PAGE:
I know these two sites well, Taillon’s International Hotel in Dundee, and the ghost house at the end of chemin Nichols. I photographed both of them this year for an upcoming project, but I think only the hotel will make the final cut.

        Thanks for sharing your pics!

  2. I’d be interested in viewing that photography project when it is ready. Have you been to St Regis, QC..interesting border location. As well…the seasonal cottage community on the QC side at the Hinchinbrooke crossing may be a good place for you to take photos along the border itself.

    1. Hopefully I launch the project soon! When you say Hinchinbrooke, do you mean near highway 202? I was down in that community in spring, but my photos didn’t turn out well. Sometimes technical issues get the better of me; I’m shooting the project on 4×5″ colour sheet film, so there is a lot of room for error.

  3. The place I’m referring to is here:

    I was here about a month ago. The area on the QC side is an unusual community that I can’t decide is seasonal or year round homes. The roads are all on a grid and for canadian standards are quite narrow. I parked where chemin Strawberry meets the road on the east side of the community (when you go to Google Maps it doesn’t show that north side road on the east side..but it exists) and then just walked through the woods for about 20 or 30 m to the border vista. Very quiet place that looks like the border vista has been used by a lot of ATV’s. I imagine in the winter it is full of snowmobile tracks. No visible signs of cameras or sensors. It would be a good place to do a photo project for yourself.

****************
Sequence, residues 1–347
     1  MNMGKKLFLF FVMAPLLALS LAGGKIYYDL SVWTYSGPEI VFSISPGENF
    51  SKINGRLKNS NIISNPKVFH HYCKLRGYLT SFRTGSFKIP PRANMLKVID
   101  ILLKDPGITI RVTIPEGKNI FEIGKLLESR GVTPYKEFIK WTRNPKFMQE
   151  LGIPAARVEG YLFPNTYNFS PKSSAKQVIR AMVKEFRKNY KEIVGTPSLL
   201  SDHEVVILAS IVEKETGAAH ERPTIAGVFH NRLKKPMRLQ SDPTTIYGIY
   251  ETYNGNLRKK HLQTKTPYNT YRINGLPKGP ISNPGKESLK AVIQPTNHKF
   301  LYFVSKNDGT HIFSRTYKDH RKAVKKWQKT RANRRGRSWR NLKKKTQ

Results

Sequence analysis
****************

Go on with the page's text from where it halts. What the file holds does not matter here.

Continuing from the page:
1. I was at that exact place in spring, walked out to the cutline and made a few photos. I also found it a strange mix of seasonal and year-round architecture. At one point there was a topless man on a lawn chair sunning himself, who really looked like a Florida snowbird that had just returned home.

  4. I got a strange vibe from the place as well. Not a single store around there (at least on the Canadian side), although I’m sure it is tempting to head to the bustling metropolis of Chateaugay, NY for day to day essentials.

    Was the topless man sunning himself in his yard or on the cutline? I was surprised that there was no evidence of sensors along the cutline or warnings about crossing etc.